Over recent years, due to the restrictions of the pandemic and the new devices available on the market, we have been able to benefit from a new way of communicating: video conferencing. Not everybody will know that this important tool, which allowed us to deal with the lockdown while keeping in contact with colleagues in friends, has distant origins that are unexpectedly Italian and linked to the Politecnico di Milano.
The main character in this story is Giorgio Coraluppi, born on 20 February 1934 in L’Aquila, where he also grew up. In 1946 he moved to Milan with his family where, in 1958, he graduated from the Politecnico with a degree in Electrical Engineering and soon began working at the Olivetti Electronic Research Laboratory.
Several years later, Coraluppi decided to move to the United States where he initially joined the Space-Defense Division of the American Optical Company in Pittsburgh, before founding Compunetics Inc. in 1968.
In 1986, his company signed a 4-million-dollar contract with NASA for the development of a conference system that could support 4,000 communications links, which at the time did exist on the market.
In 1988, the company produced its first surface-mount printed circuit board which would be used in one of IBM’s first personal computers. Later, in 1990, Compunetics developed and sold a voice telecommunications system to the Federal Aviation Administration for 4.5 million dollars; a crucial element of air traffic control across the United States.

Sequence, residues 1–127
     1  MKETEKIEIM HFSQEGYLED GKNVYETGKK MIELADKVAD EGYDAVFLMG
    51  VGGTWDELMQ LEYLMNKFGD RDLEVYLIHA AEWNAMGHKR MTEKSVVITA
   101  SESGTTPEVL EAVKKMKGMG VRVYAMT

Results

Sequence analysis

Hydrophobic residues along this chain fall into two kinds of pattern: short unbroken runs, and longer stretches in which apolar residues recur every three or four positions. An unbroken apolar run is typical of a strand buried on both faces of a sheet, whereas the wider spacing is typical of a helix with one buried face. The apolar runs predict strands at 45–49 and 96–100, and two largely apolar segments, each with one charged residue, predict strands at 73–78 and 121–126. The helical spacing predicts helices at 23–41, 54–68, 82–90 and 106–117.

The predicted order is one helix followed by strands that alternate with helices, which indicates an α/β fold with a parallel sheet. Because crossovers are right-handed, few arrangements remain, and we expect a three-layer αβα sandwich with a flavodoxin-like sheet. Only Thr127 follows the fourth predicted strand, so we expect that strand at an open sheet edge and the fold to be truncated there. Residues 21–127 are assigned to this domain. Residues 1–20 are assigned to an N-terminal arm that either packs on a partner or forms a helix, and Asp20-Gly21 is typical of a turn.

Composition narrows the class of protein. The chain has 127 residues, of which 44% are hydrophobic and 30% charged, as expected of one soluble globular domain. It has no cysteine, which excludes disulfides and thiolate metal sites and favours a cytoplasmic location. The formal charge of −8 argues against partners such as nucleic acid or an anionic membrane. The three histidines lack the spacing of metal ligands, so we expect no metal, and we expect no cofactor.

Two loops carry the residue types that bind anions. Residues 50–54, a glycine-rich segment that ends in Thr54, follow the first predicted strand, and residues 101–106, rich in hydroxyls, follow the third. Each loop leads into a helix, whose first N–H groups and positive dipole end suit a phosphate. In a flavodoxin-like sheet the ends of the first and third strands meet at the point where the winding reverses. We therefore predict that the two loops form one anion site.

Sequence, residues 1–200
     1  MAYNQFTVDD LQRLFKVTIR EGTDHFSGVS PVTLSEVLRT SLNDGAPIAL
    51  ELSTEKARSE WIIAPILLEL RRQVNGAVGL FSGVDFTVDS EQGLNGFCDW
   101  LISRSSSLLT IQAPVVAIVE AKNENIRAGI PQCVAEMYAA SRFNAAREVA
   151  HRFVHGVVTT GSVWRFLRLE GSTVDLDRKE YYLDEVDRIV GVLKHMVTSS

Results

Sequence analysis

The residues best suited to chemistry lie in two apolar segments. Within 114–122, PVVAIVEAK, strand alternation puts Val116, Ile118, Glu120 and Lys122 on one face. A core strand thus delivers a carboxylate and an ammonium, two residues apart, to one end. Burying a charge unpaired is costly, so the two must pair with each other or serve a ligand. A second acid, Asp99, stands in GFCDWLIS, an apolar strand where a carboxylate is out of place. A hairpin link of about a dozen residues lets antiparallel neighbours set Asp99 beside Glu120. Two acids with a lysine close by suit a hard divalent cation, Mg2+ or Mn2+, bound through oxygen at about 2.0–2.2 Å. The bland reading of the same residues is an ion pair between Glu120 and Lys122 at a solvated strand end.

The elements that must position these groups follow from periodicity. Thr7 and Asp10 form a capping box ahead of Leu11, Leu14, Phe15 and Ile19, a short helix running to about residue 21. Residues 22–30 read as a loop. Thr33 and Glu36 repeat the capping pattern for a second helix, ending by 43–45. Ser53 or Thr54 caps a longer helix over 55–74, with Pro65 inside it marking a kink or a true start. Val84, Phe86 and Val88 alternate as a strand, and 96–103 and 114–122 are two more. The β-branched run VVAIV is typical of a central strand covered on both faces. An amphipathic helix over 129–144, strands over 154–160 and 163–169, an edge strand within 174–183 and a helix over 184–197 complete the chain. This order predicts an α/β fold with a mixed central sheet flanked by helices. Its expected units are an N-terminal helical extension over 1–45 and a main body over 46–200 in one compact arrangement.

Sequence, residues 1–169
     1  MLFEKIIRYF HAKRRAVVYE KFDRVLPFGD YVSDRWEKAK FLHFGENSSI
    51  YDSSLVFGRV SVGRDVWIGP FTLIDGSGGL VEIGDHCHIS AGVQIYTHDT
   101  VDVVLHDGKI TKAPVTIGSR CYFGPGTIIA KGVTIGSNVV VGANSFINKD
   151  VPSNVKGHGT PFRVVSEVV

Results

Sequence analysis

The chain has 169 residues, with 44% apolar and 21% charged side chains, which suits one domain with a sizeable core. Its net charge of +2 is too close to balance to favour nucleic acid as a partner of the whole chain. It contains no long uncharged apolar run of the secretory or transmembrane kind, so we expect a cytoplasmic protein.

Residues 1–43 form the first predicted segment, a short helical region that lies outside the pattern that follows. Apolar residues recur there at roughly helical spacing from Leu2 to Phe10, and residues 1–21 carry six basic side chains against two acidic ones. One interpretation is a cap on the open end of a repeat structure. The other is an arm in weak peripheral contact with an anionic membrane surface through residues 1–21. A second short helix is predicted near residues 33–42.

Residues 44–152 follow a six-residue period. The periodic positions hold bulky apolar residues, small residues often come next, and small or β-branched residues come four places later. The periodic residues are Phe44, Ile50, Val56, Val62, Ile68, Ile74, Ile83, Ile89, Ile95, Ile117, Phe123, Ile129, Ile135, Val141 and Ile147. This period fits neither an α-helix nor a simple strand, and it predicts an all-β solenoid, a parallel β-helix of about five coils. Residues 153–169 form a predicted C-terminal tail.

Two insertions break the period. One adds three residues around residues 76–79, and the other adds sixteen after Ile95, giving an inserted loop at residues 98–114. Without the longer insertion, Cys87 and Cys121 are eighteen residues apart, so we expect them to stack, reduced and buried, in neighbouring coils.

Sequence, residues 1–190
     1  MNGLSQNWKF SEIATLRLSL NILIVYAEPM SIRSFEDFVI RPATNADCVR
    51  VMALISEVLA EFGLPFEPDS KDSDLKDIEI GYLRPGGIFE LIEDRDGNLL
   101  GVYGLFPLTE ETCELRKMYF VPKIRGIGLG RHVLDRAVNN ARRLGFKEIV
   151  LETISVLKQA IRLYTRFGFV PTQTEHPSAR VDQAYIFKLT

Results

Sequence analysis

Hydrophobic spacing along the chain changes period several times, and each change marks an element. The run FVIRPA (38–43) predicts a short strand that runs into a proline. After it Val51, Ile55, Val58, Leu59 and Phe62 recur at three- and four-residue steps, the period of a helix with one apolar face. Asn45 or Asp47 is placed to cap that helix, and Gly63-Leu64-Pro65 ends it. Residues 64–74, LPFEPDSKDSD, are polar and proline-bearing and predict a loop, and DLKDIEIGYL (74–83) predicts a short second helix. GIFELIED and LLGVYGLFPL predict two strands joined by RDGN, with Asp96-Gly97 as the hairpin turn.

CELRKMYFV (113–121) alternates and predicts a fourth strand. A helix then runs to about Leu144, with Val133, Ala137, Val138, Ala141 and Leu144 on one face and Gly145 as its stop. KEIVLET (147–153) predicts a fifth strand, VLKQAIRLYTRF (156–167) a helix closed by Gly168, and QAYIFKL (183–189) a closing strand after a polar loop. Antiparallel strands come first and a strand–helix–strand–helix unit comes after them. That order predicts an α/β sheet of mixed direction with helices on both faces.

In order to better serve commercial interests, Coraluppi launched the subsidiary Compunetix Inc. in 1990 to provide consumers with voice, data switching and conference technology and three years later founded a teleconference service provider, Chorus Call Inc., another subsidiary of Compunetics.
The teleconferencing revolution
If today it is a matter of clicking on a link, opening an app or launching software to start a group video call, until a few decades ago it was not remotely imaginable that such compact and powerful devices could do this automatically. As is the case with other inventions developed in a military or an aerospace setting, the technology behind video conferencing arose from a specific NASA need.
At the beginning of the ‘80s, NASA’s Mission Control decided to improve the system through which its engineers, technicians and astronauts communicated.